Wednesday, October 11, 2006
Last night was the shoot for DXARTS 451 Project 1 a.k.a. "Apparition" (bad title, I know). First shot was at about 2100, and last shot was at about 0630 the following morning. Chris, my lead actor, had to work at 8am, poor guy, and towards the end he was continually falling asleep during set-ups, especially when I was setting up the Camera Obscura shot. Other than the ridiculous filming hours, it went pretty smooth.
I would be remiss, if I didn't first acknowledge the massive amount of help I received from both Chris (who is usually much more comfortable behind the camera); and my brother, Ryan, who played the barely-there, titular apparition, as well as helped out with some grip-stuff for the dolly shot and the titles. There is no way in hell I could have made this without their help.
They are both cineastes however, and my girlfriend, Marie, is not. She enjoys the casual movie, but she doesn't quite comprehend our fascination with the construction of moving pictures; nor does she have any plans to pursue any sort of filmmaking-related career. So when I say that she spent hours on her day off, when she could have been doing much more relevent things (like homework), helping my ass create--nay, not helping: making--the title cards for the film, that should mean a hell of a lot. She worked meticulously and diligently to research the fonts, lay them out and construct the actual card that I merely taped to the aquarium and backlit before filming. And of course, since she was busy hibernating through most of the shoot making them, I'm sure I came off as unappreciative. Well Babe, thank you so much for your help. You know better than anyone that I couldn't have done this without your help (or your Visa). I know I get cranky and terse when I'm working, but I don't appreciate what you did for me any less.
As far as the finished product is concerned, I'm relatively happy with how many of the images look in their final form, but I'm not very satisified with how it plays from shot to shot. The montage is particularly rough, having only a few inserts and virtually no master shots. We were unable to use coverage to construct the scenes because of the assignment's constraints. I kept saying to myself, if only I could use Final Cut. In fact, there is one insert in particular that could benefit quite a bit with having about 10 frames sliced off the beginning--but that's neither here nor there. Fact is, I could edit only in my head and while I may not be entirely happy with the result, I did find the assignment's constraints intensely challenging--in the best way possible. It was remarkably refreshing to not be able to edit after the fact. It forced me to rehearse my actors, the blocking and photography, which is not something I have done in the past. I usually just let the camera roll and use bits from conversations, rehearsals, etc. in addition to the intended footage. While that has provided some fantastic material in the past, it is in some ways sloppy filmmaking, relying on countless takes, and makes for a heavily edited film. Apparition, on the other hand, is a bit breezier and more relaxed editorially. Is it better? Well if not, I hope that it is at least progressive; that is at least one more step toward the development of a more rigorous, cohesive visual aesthetic.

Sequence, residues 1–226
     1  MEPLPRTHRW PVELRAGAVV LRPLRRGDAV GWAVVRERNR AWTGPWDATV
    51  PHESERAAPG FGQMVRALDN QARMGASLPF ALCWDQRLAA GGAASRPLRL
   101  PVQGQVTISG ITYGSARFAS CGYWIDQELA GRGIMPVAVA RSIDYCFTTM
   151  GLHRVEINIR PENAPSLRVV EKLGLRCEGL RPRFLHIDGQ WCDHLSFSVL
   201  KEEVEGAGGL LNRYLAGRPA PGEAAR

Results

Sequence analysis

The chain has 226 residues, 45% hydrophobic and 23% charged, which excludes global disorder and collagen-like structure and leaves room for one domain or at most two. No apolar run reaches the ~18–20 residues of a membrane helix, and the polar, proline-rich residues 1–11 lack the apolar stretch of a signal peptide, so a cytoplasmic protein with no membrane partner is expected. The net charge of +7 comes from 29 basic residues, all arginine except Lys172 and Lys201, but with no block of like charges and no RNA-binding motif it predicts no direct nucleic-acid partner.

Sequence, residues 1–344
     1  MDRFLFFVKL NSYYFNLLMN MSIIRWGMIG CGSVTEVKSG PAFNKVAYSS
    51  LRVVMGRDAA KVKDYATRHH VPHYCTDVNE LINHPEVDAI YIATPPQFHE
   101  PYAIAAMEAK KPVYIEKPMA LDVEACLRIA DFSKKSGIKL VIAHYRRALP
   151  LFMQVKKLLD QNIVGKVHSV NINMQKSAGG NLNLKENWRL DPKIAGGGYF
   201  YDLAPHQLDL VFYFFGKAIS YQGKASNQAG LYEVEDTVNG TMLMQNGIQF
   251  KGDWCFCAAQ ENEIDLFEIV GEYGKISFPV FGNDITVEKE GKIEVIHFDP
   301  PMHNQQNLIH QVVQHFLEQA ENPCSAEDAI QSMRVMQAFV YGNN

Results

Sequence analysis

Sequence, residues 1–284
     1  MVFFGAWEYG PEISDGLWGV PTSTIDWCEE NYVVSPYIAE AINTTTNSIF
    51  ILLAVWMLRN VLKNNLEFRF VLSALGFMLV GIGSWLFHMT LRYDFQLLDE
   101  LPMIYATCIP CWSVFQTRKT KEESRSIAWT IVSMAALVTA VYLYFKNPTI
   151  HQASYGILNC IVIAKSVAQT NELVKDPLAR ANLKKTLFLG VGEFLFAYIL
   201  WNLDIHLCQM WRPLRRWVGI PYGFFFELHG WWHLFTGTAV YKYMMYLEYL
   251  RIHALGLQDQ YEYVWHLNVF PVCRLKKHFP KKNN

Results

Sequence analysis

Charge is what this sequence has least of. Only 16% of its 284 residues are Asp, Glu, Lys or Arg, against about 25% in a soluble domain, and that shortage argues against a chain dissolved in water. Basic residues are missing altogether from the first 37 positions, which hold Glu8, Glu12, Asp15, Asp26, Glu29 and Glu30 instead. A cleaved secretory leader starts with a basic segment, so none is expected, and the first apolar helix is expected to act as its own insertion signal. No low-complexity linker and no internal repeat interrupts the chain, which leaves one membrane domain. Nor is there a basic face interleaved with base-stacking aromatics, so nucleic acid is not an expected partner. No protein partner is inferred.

Forward motion: that's all that matters.
Anyhow, I fell in love with photographing things in the 30-gal aquarium I acquired for the project, so I hope to actually experiment some with it in less narrative-centric forms. Until then though, I only have to catch-up on three-plus days of Spanish homework and two days of Comp Lit. Oh well.